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The Case for Non-Polarized Watersports Lenses

We are aware that there are some riders out there that are looking for non-polarized lenses for watersports, especially for those foiling or riding waves.

We’ve been out on the water in a variety of weather and surf conditions, and it’s been an interesting exercise.  Our research is clear. There are some conditions where polarization can be detrimental to performance. However, there is often a trade-off with comfort as without polarization, glare can lead to eye fatigue.


The case for non-polarized lenses is persuasive where there is strong sun directly overhead. At this time of the day it can be difficult to read the surface. This is especially the case in light wind conditions where there is little surface disruption. This is because the water surface is perpendicular to the sunlight’s direction of travel. Here, the sunlight that passes through the water’s surface is polarized vertically. As polarized lenses are vertically polarized, this light is not filtered out by the polarizing filter. This explains the tendency to see through the water’s surface and focus on whatever lies beneath.

This is however qualified by the amount of texture on the surface caused by wind, boats and other craft. Where the flat surface is disrupted, this causes a change in the perpendicularity. This disruption reduces the amount of vertical light penetrating the surface and increases glare correspondingly.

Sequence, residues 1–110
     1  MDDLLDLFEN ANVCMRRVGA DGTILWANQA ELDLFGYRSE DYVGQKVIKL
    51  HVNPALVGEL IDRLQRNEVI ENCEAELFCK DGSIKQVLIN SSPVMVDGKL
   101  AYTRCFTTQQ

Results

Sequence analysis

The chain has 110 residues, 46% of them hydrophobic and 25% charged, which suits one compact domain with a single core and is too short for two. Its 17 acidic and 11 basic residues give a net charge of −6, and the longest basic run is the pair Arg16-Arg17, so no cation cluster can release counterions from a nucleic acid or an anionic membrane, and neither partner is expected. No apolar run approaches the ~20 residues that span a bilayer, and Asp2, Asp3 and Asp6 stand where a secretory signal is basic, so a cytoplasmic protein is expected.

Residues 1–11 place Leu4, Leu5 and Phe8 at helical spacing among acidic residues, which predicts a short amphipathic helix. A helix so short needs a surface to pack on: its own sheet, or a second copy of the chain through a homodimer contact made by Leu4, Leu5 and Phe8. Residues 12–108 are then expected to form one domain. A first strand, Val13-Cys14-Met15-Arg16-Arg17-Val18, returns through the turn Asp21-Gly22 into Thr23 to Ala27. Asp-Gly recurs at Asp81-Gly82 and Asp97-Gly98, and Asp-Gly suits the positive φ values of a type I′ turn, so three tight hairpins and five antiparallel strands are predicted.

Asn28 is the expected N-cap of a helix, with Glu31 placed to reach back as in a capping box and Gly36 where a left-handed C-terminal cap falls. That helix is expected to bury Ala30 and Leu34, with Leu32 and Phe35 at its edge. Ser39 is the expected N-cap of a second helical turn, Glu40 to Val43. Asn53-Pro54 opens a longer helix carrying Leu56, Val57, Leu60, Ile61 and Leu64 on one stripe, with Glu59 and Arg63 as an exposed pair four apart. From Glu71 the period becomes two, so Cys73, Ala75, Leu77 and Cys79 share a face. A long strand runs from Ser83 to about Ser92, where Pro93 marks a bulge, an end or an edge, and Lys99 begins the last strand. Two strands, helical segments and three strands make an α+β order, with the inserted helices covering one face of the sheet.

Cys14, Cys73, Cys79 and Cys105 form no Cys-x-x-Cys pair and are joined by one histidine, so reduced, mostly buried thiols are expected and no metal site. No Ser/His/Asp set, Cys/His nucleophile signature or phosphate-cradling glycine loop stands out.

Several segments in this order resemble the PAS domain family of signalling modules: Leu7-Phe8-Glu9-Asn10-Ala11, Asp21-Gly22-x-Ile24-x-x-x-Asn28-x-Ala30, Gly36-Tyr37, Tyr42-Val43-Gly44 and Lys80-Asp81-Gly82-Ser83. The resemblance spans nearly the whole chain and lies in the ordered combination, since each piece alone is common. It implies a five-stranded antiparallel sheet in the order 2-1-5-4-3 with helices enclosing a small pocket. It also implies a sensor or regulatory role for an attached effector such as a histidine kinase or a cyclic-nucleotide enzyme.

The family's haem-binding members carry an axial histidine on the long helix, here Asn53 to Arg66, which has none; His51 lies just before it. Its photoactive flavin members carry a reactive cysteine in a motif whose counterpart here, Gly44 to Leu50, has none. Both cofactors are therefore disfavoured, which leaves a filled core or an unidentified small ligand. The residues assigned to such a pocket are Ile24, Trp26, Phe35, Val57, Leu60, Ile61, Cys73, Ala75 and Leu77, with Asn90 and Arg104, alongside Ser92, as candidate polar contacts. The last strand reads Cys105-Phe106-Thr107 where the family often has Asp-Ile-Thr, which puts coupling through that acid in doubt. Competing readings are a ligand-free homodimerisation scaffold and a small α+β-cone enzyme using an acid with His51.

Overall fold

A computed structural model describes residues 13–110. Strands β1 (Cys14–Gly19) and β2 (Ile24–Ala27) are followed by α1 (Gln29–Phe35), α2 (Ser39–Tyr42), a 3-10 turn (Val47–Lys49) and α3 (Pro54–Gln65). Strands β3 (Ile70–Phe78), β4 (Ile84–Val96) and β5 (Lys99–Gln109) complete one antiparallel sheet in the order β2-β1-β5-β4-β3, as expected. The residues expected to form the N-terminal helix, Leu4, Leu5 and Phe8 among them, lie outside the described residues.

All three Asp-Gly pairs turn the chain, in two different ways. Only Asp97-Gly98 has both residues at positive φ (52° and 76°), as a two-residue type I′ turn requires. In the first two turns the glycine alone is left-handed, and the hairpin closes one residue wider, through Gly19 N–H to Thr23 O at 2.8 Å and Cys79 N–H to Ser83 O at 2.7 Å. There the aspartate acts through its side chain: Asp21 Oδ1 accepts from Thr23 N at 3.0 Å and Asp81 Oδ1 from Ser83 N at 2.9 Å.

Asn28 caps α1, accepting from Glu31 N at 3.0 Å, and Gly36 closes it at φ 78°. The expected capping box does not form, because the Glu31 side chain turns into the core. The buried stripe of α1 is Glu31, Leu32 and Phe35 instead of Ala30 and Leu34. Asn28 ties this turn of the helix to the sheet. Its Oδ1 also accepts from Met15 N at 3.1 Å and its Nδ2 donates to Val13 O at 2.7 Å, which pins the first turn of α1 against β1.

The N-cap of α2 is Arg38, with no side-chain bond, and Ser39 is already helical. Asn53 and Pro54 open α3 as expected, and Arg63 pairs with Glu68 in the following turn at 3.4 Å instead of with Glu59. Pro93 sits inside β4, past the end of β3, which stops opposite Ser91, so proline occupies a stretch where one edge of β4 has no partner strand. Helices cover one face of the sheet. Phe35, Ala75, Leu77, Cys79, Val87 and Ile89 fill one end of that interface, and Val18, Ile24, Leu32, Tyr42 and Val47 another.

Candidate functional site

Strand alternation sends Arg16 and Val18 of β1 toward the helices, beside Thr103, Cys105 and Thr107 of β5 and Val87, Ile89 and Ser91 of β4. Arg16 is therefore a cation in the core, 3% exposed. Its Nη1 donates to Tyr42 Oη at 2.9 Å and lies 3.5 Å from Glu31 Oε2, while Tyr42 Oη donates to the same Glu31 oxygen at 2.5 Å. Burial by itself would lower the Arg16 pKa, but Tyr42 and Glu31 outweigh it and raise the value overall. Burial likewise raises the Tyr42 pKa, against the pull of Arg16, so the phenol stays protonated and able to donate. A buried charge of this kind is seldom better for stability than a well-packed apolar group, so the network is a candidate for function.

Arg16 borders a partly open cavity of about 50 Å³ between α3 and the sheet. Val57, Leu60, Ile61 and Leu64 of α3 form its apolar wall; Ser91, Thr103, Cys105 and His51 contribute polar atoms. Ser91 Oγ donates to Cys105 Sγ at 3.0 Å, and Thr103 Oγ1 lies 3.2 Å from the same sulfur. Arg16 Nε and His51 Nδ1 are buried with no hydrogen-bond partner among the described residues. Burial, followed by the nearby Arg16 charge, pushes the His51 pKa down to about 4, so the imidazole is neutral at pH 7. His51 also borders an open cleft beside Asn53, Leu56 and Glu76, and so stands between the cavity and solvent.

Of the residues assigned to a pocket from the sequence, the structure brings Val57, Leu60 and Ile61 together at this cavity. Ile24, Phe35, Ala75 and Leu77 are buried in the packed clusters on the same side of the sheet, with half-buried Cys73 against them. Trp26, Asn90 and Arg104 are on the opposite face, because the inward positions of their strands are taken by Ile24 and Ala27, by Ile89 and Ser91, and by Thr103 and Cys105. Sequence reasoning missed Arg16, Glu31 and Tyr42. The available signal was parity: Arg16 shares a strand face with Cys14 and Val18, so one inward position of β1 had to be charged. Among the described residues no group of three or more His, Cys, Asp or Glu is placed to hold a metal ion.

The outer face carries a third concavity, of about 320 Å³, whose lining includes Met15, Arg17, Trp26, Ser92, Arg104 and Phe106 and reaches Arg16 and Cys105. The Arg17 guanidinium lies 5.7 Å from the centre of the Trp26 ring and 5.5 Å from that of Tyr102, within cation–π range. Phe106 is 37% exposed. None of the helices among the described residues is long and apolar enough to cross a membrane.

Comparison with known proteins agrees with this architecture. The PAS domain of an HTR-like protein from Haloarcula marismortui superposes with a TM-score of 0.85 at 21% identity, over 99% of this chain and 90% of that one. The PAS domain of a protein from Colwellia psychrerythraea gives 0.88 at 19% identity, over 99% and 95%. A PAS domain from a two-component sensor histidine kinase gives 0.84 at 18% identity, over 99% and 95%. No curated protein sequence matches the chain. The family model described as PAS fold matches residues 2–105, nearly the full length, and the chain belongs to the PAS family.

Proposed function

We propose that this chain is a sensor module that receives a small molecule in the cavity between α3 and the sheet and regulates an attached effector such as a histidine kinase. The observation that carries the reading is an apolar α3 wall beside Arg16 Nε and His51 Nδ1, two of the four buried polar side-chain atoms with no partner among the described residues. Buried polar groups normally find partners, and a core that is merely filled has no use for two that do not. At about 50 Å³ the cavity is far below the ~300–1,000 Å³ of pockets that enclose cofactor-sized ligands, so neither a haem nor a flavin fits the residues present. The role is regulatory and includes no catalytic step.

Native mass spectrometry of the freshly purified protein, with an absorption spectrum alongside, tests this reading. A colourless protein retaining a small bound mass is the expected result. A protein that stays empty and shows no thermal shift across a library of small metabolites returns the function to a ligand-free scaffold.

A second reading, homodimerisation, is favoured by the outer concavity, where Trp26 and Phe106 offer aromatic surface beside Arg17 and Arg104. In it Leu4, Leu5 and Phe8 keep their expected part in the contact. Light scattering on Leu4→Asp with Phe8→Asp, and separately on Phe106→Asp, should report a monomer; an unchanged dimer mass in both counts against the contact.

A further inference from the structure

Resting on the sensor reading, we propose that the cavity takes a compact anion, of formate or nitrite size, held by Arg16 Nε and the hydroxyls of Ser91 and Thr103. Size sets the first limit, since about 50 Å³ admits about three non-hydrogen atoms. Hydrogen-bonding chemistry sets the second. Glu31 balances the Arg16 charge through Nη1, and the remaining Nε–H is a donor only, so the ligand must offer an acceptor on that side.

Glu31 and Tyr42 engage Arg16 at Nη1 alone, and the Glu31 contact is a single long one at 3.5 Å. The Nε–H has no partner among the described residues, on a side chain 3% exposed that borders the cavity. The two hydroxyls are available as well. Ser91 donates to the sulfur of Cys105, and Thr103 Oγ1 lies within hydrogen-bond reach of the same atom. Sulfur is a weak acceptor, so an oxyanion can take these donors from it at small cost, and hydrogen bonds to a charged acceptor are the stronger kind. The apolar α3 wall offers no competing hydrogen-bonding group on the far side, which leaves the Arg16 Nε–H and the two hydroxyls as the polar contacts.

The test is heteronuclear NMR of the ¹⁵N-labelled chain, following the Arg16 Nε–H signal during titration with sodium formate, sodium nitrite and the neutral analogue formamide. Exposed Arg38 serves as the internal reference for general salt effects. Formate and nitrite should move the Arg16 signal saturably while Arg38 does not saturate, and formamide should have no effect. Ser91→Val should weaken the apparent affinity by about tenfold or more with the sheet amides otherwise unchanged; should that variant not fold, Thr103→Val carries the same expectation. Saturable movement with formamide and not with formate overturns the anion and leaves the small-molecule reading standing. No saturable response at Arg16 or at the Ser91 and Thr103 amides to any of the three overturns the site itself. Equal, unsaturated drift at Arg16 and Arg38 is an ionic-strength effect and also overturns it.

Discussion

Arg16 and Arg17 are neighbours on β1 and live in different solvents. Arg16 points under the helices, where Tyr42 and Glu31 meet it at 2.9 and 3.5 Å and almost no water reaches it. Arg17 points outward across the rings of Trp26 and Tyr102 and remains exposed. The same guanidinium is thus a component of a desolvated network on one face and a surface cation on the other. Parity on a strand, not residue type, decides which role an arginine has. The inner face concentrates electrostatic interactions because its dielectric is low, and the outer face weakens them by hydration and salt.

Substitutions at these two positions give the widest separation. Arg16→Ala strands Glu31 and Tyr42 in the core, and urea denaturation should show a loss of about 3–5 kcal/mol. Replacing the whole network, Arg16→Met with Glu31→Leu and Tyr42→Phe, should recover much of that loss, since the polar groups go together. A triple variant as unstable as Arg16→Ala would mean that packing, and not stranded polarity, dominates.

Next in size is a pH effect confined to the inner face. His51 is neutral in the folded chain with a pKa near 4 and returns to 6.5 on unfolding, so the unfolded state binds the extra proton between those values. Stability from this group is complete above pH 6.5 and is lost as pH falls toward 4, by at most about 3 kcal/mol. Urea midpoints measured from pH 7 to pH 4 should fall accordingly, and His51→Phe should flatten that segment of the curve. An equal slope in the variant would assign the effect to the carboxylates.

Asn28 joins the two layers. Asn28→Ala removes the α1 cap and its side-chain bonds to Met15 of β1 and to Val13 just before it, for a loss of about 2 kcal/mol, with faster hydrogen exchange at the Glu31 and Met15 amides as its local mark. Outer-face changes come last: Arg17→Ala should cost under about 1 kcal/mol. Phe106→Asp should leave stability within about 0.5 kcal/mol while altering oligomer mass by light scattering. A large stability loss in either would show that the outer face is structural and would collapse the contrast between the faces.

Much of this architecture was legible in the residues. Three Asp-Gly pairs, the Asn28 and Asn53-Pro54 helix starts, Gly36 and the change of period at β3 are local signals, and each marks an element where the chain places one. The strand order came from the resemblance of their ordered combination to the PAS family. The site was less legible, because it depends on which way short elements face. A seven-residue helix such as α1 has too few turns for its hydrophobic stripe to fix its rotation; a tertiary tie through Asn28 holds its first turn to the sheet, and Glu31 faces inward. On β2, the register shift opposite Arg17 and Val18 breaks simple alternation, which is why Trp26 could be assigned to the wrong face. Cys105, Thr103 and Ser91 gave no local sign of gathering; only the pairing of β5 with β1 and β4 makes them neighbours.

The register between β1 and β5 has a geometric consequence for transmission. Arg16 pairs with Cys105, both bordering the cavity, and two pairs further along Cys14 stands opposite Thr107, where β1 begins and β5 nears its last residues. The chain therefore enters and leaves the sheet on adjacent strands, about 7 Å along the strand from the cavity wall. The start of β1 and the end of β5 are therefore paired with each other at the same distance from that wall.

As the sun arcs later in the day, the perpendicularity of the sunlight to the water surface naturally reduces. This has two effects. First, more light bounces off the surface, and this reflected light is horizontally polarized which polarizing lenses can filter out. Second, less vertically polarized light passes through the water’s surface meaning that the surface becomes decreasingly transparent.



The smaller the angle of the sun to the surface – the greater the amount of horizontally polarized light (glare). A good example of this is at sunset, when sunlight is horizontally polarized as it reflects off the water’s surface. It is virtually impossible to see through the water’s surface at this time of day even if the surface is glassy flat.

glare at sunrise and sunset

Vertically polarized light barely penetrates the water in sunrise / sunset conditions


We found however that outside of the mid-day conditions, the advantages of polarization were clear. As the sun arcs through the afternoon (or indeed morning) trajectory, the reflected sunlight reflecting from the water caused discomfort and eye fatigue using non-polarized lenses. In addition, the lack of any glare reduction meant that it was often difficult to read the water’s surface when facing the sun.

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